Perhaps the best part of the current renovation project—and of the few parts that are finished—is a dam built near where the Couesnon River meets the sea just in front of Mont-Saint-Michel. Rather than hold the river water in, the new dam opens up to let the sea water enter at high tide and then releases it again at low tide in order to push water and sand out, relieving the buildup of silt around the Mont. Although the dam has a practical aim, its architect, Luc Weizmann, also used great sensitivity and imagination to create one of the nicest public spaces in and around Mont-Saint-Michel. He built an attractive wooden viewing platform as well. It has a perfect, unobstructed view of Mont-Saint-Michel, and the dramatic moment in which the dam opens and releases a rush of water (usually once or twice a day) has become a popular tourist attraction—about the only free one in Mont-Saint-Michel.
Subtly and poetically, the dam project offers both a mirror and a reading of Mont-Saint-Michel. Harnessing the power of the sea to preserve Mont-Saint-Michel mimics, Weizmann explains, what the original construction of Mont-Saint-Michel did and what the archangel Michael with his foot on the dragon represents: a kind of triumph over the forces of chaos and evil. The enormous steel wheels that open and close the dam were designed to resemble the huge wooden power wheel inside the ancient abbey. Weizmann placed a handsome border of bronze at the front of the viewing platform, which picks up the bronze of the massive bell of Mont-Saint-Michel, and he inscribed letters from Greek, Latin, Hebrew and Arabic alphabets in the bronze. Weizmann took the lettering in part from the rich manuscript collection of the abbey, which is now in the nearby town of Avranches. Weizmann knows there is no such thing as recreating an eighth-century or a 14th-century church—only a respectful 21st-century reimagining.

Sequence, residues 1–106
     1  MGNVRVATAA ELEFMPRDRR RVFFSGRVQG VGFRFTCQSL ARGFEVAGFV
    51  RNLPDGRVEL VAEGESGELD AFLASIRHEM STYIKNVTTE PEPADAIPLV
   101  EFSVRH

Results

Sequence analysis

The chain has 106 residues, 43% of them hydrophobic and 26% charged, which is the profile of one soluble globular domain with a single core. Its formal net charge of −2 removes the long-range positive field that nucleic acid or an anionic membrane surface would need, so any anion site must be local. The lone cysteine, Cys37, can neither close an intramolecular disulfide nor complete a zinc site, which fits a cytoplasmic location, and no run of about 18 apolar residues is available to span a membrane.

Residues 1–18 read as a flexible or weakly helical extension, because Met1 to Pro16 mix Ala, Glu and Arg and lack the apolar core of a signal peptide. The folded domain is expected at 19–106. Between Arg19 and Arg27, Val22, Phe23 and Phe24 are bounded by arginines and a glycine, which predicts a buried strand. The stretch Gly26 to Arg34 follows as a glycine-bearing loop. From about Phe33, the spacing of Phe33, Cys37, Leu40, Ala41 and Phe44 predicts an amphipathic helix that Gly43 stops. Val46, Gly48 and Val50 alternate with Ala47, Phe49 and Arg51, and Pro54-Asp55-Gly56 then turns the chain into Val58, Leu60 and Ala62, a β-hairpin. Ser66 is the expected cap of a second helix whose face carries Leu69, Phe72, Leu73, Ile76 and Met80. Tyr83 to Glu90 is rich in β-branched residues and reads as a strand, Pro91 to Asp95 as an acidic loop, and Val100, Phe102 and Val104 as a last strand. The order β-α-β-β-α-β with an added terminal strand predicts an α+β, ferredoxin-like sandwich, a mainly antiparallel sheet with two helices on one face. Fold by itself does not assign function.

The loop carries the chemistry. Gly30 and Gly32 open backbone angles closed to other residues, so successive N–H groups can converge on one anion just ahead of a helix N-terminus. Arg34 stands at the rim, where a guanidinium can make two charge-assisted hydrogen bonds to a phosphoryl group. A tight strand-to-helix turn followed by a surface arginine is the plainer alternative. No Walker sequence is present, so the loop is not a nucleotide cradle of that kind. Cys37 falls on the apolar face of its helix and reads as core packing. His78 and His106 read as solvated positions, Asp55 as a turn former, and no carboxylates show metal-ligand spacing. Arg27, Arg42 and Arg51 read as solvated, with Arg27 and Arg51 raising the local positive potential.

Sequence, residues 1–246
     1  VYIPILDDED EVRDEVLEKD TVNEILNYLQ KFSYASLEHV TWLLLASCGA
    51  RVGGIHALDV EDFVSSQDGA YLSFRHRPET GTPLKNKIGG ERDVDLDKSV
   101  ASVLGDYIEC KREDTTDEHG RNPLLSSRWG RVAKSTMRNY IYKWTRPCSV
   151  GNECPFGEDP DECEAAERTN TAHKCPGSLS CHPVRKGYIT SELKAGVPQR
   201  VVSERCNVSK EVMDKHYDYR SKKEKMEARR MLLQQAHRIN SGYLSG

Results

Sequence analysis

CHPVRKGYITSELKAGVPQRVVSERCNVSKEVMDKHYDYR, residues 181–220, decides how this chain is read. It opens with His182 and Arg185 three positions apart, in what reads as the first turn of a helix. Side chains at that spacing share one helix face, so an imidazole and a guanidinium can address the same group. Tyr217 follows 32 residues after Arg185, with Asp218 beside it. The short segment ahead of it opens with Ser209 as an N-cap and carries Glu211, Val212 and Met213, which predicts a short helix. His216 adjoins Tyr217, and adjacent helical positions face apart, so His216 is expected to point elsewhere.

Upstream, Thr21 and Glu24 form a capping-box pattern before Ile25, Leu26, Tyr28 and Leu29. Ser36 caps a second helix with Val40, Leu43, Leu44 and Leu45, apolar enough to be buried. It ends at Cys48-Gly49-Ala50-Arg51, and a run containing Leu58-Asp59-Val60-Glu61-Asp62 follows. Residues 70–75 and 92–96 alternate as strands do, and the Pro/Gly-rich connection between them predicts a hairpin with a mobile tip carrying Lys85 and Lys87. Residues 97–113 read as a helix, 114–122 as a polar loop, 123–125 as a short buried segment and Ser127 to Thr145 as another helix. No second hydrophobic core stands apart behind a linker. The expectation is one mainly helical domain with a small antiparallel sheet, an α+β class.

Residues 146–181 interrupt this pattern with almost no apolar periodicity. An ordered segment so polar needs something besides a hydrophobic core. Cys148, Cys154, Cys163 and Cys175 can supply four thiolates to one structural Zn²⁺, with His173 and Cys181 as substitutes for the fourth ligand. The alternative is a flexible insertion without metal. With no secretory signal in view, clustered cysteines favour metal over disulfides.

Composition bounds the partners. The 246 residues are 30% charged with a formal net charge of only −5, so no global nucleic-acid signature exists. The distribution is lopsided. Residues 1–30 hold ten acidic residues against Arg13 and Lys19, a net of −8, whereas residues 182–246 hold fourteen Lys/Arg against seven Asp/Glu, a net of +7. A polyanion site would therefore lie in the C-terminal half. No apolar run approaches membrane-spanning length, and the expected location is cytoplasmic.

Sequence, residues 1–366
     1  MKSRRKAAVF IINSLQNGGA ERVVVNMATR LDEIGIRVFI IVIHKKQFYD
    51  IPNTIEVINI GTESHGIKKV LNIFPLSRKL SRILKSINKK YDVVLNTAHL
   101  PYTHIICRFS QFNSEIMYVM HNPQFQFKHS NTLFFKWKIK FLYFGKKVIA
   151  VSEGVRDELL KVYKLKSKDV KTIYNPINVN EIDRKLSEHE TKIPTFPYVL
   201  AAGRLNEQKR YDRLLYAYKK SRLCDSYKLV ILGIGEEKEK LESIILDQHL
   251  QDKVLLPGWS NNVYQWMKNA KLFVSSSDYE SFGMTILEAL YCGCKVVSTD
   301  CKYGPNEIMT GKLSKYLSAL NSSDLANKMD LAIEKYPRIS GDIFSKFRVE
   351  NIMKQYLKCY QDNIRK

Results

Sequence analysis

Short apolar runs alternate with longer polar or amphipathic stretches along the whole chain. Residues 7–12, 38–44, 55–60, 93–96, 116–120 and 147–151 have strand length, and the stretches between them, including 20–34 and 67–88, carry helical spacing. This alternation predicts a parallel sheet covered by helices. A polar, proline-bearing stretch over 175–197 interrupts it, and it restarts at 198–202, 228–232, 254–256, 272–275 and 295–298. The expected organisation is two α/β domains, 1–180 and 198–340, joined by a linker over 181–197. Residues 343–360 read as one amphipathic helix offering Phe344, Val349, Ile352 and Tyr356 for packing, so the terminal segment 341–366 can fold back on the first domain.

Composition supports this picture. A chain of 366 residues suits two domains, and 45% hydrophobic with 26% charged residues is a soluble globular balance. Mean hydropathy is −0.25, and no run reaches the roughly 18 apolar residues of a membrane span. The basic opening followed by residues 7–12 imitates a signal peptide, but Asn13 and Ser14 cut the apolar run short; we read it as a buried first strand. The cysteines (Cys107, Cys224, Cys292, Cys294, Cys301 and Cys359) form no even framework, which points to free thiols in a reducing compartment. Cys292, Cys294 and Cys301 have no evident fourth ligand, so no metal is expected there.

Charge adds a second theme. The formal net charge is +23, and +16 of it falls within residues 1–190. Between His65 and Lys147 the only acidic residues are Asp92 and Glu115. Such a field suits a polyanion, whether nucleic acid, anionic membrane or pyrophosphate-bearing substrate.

Weizmann is also aware that the water coming from his dam is only a tiny factor pushing against the larger forces of nature at work in the bay. Many are skeptical of the work being done now to preserve the Mont’s “island character.” The buildup of sand, accumulating every day, at Mont-Saint-Michel is the inevitable result of the powerful force of the sea. “The tide coming in is stronger than the tide going out,” explains Patrick Desgués, the guide who leads me across the sandy marsh. “As a result, the tide leaves more sand than it carries away. So I don’t see how this project can reverse that,” he says as we walk across the beautiful claylike desert that forms as the sea recedes. In the background you can see a few pieces of earth-moving equipment—small against the horizon—working to encourage the water to flow back out on either side of Mont-Saint-Michel. Those human efforts seem puny in the face of the wide bay and the roiling sea.
“It’s a race against time,” admits Audrey Hémon, an engineer who works on the project, as we talk at the dam platform. The grassy patches in the sand have receded somewhat since the dam became operational, but no one knows whether the project will succeed in its ultimate goal: making sure that Mont-Saint-Michel will remain an island over the long term. “But we do know that if we do nothing, the shore will reach Mont-Saint-Michel.”